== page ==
Neighbor Nancy is eaten by her garden…instead of the other way around.

( Out of breath and holding a garden soil smudged glass of lemonade, Neighbor Nancy plops in front of the computer.)

Whew! Am I exhausted?!

Please forgive the recent drop off in quality and quantity of posts.

After a relentless week of rain and cold, my formerly beautifully tilled gardens are waist high in weeds. Okay, not waist high, but it sure as heck fire feels that way. Plus some new weed with roots in China is trying to take over the mini orchard.

I am so far behind now that it is not even funny.

Please forgive me, but you’ll have to hang out in the hammock for a couple of weeks, while I catch up. Feel free to help yourself to some strawberry lemonade and a Philadelphia sticky bun. Most of the books are in the attic. Help yourself.

Now there’s no need to take me off your blog reader.

I’m not disappearing forever. I just need a solid block of time to focus or else I’ll have to start writing about blog writing instead of real life and that just seems dreadfully mundane.

Please use the comments to ship topics you would like to see covered. Feel free to share recipes and links so we have more topics to dive into. Any quick questions can be e-mailed to I’ll try to get back to you as soon as possible.

Also, in the beginning of June, we need to start discussing canning and preserving more seriously as the strawberries ripen. So get that stuff ready. The recipes I will be teaching are mostly free of store bought pectin. Usually no more than fruit, sugar and a little lemon juice. That kind of thing … very simple. I’m going to challenge everyone to make at least one batch of jam. We’ll use the water bath method so no pressure canner needed. A pasta or stock pot will be fine. Don’t worry. It will be easy. Maybe messy, but you’ll be kicking yourself for not trying it sooner.

Now don’t forget you can use the search bar above the calendar to search for stuff, too.

I’ll be back as soon as I can. Keep those questions, recipes and frugal ideas coming.

(Neighbor Nancy contemplates washing some of the mud from her hands and the keyboard. Instead, she flies out the back door toward the garden with her apron strings fluttering behind her as the screen door slams shut.)

See you after a bit.

What would you like to read more of?

Do you have any backyard animals? chickens, goats, rabbits?

What is your favorite “making do” tip?

What is the weirdest thing you ever found a second (recycled ) use for?

Have you tried making your own bread? sourdough?

How is your garden coming?

What are you growing this year?

Do you sing while you pull weeds? ( Don’t tell, but I sometimes curse.)

What’s your favorite frugal meal?

Share these thoughts with your neighbors in the comments section. Answer once. Answer a million times. And for pity sake get to know one another. You all are wonderful friends.

Published in: on May 15, 2009 at 9:18 pm  Comments (5)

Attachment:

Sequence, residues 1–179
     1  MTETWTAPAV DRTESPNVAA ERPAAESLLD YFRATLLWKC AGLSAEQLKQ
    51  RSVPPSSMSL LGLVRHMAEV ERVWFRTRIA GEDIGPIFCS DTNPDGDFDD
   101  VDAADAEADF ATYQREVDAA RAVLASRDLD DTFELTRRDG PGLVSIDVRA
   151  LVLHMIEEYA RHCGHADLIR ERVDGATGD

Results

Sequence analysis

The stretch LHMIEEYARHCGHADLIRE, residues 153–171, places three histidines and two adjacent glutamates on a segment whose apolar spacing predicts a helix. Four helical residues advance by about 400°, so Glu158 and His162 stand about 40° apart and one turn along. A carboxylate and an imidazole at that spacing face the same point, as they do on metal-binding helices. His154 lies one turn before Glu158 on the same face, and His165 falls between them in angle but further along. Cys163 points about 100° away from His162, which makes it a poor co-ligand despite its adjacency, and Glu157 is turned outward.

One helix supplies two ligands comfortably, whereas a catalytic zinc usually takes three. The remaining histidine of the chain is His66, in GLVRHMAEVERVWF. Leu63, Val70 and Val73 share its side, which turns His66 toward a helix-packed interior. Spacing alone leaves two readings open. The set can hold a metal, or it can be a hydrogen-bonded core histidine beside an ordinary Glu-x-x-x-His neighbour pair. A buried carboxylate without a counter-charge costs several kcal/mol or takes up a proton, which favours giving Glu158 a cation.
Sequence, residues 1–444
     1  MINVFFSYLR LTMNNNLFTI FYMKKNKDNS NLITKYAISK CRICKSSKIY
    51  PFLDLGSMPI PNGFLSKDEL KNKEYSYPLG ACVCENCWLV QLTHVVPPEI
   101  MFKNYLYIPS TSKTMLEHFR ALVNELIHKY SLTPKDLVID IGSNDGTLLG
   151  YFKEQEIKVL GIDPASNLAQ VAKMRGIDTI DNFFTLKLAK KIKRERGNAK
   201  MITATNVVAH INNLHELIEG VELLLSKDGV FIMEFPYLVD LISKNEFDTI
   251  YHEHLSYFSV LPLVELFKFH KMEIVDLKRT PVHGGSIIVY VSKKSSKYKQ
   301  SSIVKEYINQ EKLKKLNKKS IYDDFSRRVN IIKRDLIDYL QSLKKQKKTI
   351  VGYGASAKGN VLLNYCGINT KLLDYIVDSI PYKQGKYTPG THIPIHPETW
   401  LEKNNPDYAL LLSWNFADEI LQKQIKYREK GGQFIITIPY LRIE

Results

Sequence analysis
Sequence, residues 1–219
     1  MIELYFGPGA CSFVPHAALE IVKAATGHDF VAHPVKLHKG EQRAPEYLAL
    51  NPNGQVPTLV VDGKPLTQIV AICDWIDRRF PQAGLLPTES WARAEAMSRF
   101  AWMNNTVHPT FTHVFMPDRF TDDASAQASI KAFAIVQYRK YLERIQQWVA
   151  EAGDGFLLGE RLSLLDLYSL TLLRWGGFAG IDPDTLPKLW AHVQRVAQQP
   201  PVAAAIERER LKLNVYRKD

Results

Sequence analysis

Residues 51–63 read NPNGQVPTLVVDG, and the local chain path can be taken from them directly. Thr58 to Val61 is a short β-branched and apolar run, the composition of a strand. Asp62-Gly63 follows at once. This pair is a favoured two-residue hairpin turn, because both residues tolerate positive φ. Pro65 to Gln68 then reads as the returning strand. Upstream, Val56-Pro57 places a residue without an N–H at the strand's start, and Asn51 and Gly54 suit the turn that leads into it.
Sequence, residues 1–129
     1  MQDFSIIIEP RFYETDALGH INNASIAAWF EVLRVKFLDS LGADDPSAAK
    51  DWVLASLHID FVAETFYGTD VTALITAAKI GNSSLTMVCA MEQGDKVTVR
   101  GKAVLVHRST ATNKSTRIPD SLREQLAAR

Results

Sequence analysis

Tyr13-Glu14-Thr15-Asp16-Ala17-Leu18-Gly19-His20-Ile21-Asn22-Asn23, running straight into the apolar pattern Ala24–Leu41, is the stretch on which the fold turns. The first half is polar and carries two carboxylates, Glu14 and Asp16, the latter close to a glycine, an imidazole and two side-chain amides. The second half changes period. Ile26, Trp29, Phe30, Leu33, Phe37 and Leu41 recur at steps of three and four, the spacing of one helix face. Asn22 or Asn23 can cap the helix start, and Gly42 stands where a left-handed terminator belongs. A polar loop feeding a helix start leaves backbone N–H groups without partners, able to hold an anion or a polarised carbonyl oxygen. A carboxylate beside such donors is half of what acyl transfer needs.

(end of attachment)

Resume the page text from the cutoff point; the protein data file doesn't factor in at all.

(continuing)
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5 CommentsLeave a comment

  1. Nancy, Hi, this is Cee from Las Vegas – where it’s 100+ degrees already. I’m so excited to tell you that one of my grape vines is producing grapes for the first time ever, this year! I’ll have to send pictures of it. I keep watering the dickens out of it due to our high heat and LOW humidity – don’t want raisins to come before grapes! LOL!!

  2. Hey Nan! Dawgy! I’d knowed whut cha been tawkin about. One time, my brother, Bubba, he went out to collect them water melons and he ain’t never came back! All we found wuz hiz flannel shirt and boots! Never knowed where his pants went…. be careful out there, hunny, it’s a wild child, that garden!

  3. Hey Nan,

    I’ve awarded you a “One Lovely Blog” award on my site:

    If you re-surface from the garden, pass along the bloggy love and tell us about some blogs that you think are lovely!


  4. Double check that my e-mail with more info and full of links didn’t land in your SPAM file.

    Supposedly, lettuce seeds can be planted for up until 3 weeks after your final frost date. Although, lettuce is not really happy in the summer heat. I would plant a few seeds at a time. Some this week, more the week after that, etc. Why? You probably don’t want them to all come to maturity at the same time because lettuce doesn’t store so great — it doesn’t can or freeze. So unless you are having a lettuce party, I would recommend successive sowing.

    1. Central Ill. hardiness zone is 5. So theoretically, you last freeze date would be Memorial day weekend.
    But according to the Springfield weather forecast…no frost this week. That’s good because tomatoes don’t tolerate frost.

    Anyway, ready?
    You could direct sow (meaning plant the seed right in the soil: )
    Any kind of bean, beets, canataloupe, carrot, chard, corn, cucumber, Soybean (edamame), kohlrabi, leek, lettuce, parsnip, pumpkin, radishes, scallions, Summer and Winter Squash, watermelon

    You could transplant: Broccoli, brussel sprouts, cabbage, cauliflower, any sort of melon, cucumber, eggplant, kale, kohlrabi, leek, peppers, scallion (green onion,) Summer and Winter Squash, tomaoto and watermelon

    Feel free to dig through the many articles in the beginner gardening category to your right for more help and hints

    Welcome to the adventure and dig in.

  5. Hey I was wondering, in central IL, is it to late to plant lettuce? I’m new to gardening and have beans and maters out. What else can I plant this time of year?

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